Electronic Thesis and Dissertation Repository

Degree

Doctor of Philosophy

Program

Education

Supervisor(s)

Dr. Shelley Taylor

Abstract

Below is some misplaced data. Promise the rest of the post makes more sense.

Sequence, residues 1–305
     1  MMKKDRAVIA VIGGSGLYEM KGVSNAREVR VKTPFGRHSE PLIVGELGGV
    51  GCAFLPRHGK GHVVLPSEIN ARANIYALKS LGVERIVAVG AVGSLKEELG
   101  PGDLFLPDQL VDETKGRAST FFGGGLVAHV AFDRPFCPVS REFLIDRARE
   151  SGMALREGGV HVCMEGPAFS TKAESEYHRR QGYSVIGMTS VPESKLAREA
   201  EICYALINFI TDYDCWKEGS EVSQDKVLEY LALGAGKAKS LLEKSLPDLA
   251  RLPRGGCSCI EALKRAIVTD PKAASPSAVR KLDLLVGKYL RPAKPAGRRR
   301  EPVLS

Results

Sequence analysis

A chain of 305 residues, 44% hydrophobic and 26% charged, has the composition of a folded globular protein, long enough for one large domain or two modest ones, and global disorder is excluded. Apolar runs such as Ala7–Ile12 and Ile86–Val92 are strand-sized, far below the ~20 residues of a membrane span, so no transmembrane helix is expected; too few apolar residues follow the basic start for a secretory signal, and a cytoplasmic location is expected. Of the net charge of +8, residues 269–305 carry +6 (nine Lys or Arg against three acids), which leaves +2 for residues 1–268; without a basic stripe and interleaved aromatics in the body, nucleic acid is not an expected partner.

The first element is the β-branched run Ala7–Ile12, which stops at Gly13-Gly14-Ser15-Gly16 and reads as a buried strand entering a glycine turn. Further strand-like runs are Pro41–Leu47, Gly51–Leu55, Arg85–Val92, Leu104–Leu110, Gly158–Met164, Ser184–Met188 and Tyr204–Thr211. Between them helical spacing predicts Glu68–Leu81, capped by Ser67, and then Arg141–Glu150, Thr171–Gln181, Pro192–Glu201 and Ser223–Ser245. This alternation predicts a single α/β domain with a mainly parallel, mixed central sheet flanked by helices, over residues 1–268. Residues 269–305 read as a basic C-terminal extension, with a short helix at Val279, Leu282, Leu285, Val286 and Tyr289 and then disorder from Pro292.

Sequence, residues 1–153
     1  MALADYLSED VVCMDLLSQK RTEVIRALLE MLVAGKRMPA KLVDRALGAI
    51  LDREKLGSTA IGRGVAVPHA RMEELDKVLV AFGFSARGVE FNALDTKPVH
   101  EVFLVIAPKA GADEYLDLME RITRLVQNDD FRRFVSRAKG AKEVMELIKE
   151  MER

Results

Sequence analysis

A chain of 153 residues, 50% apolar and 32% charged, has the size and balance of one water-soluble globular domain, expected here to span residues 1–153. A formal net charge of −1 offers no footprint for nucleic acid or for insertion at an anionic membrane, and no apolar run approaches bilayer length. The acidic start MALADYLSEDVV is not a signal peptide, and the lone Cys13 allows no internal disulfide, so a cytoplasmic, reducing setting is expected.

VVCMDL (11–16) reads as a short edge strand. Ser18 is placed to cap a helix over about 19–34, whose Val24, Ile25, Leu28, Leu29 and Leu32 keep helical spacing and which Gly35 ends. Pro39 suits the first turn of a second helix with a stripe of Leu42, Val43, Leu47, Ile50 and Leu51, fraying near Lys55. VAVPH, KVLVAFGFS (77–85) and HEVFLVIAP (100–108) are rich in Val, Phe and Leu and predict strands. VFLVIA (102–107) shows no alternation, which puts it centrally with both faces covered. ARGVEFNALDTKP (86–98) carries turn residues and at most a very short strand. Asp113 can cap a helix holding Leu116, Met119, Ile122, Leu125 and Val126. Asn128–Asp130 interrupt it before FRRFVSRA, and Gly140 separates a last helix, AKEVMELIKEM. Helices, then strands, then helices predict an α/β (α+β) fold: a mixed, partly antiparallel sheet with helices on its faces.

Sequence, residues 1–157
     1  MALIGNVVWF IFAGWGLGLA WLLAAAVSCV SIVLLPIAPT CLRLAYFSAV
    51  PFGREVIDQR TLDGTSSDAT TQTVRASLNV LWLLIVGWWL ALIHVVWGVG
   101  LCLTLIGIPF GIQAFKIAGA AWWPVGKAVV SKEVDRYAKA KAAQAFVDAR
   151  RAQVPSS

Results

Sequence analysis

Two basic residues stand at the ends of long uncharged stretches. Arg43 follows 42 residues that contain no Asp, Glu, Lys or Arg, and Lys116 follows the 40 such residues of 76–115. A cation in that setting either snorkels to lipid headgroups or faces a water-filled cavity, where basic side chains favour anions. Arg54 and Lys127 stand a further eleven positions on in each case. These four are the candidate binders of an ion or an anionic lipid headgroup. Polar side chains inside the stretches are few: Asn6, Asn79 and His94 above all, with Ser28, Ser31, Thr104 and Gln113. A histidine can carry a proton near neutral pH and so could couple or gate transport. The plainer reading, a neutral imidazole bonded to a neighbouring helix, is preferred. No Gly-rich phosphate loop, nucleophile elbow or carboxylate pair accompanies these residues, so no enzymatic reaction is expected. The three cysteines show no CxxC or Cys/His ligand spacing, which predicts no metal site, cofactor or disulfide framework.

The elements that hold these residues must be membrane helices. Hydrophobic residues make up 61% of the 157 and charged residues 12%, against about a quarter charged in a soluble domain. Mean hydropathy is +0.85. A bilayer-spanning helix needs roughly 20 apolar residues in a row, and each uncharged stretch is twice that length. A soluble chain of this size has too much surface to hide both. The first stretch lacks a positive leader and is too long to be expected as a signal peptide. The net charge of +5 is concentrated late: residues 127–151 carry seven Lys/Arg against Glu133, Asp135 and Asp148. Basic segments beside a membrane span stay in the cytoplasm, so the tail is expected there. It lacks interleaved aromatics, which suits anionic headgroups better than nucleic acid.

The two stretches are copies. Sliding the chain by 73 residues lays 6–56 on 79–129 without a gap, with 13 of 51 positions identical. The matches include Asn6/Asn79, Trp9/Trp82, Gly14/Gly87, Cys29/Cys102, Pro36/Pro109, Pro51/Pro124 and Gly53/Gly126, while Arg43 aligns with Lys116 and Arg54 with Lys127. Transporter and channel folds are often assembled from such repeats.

Canada has a reputation for diversity and acceptance and of late has made significant strides in formalizing apologies for the maltreatment of Aboriginal populations (Aboriginal Affairs and Northern Development Canada, 2010). The purpose of this study was to investigate Inuit educators’ perceptions of education in Nunavik. While multiple studies consider concerns regarding Inuit education and low graduation rates (Brady, 1996; Walton, 2012), few studies consider the role that Inuit educators can play in assuring the optimal success of Inuit students. This study, situated in Nunavik, the Inuit homeland located within Northern Quebec, fills that gap. Using qualitative methodology and a decolonizing framework, 36 Inuit educators were interviewed. To ensure balanced data collection both an interview guide and conversational interview approach were utilized. Critical theories, including critical race theory, transformative multiliteracies pedagogies, and a focus on linguicism, were used to support the data analysis. With the transcripts, and using the above mentioned theories, four significant themes were defined: caring in education, relationships, racism, and language choice. The research suggests that Inuit educators have suffered from a “master narrative” that frames them in a deficit perspective; additionally, a Eurocentric focus on education (bound within a goal of English or French competence in Canada) has eroded the educational, cultural, and linguistic roles that Inuit educators play within the schooling of Inuit students in Nunavik. These factors, coupled with pervasive systemic racism, create a challenging environment for Inuit educators. The results of this study suggest that shifting leadership practices, creating more equity between Inuit and Qallunaat (non-Inuit) educators, and adjusting language policies may support both Inuit educators and students. By constructing their own counter narratives, the Inuit educators within this study take significant steps towards disrupting the status quo and creating a new story.


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